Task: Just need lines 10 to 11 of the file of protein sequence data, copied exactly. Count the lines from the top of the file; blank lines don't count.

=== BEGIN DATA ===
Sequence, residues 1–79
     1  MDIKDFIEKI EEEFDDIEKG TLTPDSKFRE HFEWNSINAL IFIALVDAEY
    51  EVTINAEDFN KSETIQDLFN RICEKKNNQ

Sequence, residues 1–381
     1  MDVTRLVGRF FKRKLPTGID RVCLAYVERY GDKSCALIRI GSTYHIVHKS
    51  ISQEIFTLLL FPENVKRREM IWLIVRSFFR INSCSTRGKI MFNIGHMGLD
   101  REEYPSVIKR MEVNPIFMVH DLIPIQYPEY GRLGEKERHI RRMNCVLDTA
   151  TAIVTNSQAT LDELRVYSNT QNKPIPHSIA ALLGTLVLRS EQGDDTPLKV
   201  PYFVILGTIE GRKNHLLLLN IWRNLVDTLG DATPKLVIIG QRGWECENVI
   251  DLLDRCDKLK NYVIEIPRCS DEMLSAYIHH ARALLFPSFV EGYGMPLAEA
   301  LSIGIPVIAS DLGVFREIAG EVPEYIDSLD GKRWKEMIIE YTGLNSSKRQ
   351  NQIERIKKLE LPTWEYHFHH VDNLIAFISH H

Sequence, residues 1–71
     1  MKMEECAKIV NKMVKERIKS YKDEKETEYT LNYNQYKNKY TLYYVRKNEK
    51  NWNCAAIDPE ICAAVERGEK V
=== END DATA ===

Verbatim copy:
   251  DLLDRCDKLK NYVIEIPRCS DEMLSAYIHH ARALLFPSFV EGYGMPLAEA
   301  LSIGIPVIAS DLGVFREIAG EVPEYIDSLD GKRWKEMIIE YTGLNSSKRQ